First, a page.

218 Corner Maciel, Montevideo, Phone: 05-98-29-15-08-07 or 29-16-54-93
The Centennial Stadium was built as the centerpiece for the 1930 FIFA World Cup. The Uruguayan team, reigning Olympic champions, took the Cup, 4-2, against Argentina in the final. The 100m high Tower of Tributes was built after Uruguay won the World Cup a second time in 1950. The seating capacity is 60000, in four grandstands. There is a police station, school and the Museum of Uruguayan Football underneath the grandstands. The name of the stadium was a tribute to the 100th anniversary of the country's constitution. There are plans to bid for the 2030 World Cup to celebrate the bicentenary.
Centennial Stadium, Montevideo, Uruguay 11400, Phone: 24-87-20-59
7.Letrero de Montevideo
© Olaf Speier/stock.adobe.com
The Montevideo sign on the Pocitos beach was one of two erected in 2012 to welcome delegates of an international conference. It proved so popular that a concrete version was made to replace the original. The backdrop takes in the entire beachfront and it is a pleasant place from which to watch the sunset. The sign is often painted to reflect historical or current events. It is one of the mandatory stops for a photograph for Instagram or the family album. A drone photographer is on hand to download a momento directly to visitors' phones.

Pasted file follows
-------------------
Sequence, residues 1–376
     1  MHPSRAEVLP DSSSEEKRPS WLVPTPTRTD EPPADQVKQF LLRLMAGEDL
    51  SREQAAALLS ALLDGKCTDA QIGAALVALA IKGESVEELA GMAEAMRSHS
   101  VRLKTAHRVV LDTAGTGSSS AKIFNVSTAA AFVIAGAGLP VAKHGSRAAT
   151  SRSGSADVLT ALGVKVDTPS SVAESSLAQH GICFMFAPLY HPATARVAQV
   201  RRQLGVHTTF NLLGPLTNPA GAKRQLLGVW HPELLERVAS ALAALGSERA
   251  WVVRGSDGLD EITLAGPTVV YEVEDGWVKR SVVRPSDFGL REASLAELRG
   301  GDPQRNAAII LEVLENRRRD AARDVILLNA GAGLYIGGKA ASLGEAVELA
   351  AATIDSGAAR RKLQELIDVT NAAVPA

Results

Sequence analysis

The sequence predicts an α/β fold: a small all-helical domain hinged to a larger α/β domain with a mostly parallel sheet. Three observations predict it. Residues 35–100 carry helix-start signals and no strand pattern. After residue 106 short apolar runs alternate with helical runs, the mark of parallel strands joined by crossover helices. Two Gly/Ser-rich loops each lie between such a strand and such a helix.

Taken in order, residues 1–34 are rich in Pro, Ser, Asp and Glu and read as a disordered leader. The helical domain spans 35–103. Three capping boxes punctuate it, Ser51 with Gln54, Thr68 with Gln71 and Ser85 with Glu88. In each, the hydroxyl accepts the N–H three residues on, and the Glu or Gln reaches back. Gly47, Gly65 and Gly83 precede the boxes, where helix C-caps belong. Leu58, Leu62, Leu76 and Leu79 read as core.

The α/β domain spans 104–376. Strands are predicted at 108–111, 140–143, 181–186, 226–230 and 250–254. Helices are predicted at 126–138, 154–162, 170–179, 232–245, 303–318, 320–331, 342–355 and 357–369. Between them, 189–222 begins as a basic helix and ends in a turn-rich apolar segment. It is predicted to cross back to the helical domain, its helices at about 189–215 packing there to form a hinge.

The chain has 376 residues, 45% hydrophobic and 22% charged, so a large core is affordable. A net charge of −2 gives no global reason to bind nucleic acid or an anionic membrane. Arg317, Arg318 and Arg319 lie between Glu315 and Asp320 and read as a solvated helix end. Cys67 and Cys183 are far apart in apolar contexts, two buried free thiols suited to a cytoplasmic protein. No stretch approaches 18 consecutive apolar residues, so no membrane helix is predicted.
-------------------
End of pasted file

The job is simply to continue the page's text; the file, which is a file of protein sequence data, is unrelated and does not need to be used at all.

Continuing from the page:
8.Museo Nacional de Artes Visuales
© Museo Nacional de Artes Visuales
The Museum of Fine Arts came into existence by decree in 1911. More than a century later, the name has changed and it has become the most important art museum in the country. For the first year it was housed in the left wing of the newly built Teatro Solis. The museum then moved to the current premises which, for a variety of reasons, were inadequate until they were renovated in the 1970s. Few of the original 234 pieces remain. The museum now has 6500 works, a library with 8000 volumes, an auditorium and a video department where documentaries are made.
Tomás Giribaldi 2283 esq., Julio Herrera and Reissig, Parque Rodó – Montevideo, Phone: +598-27-11-60-54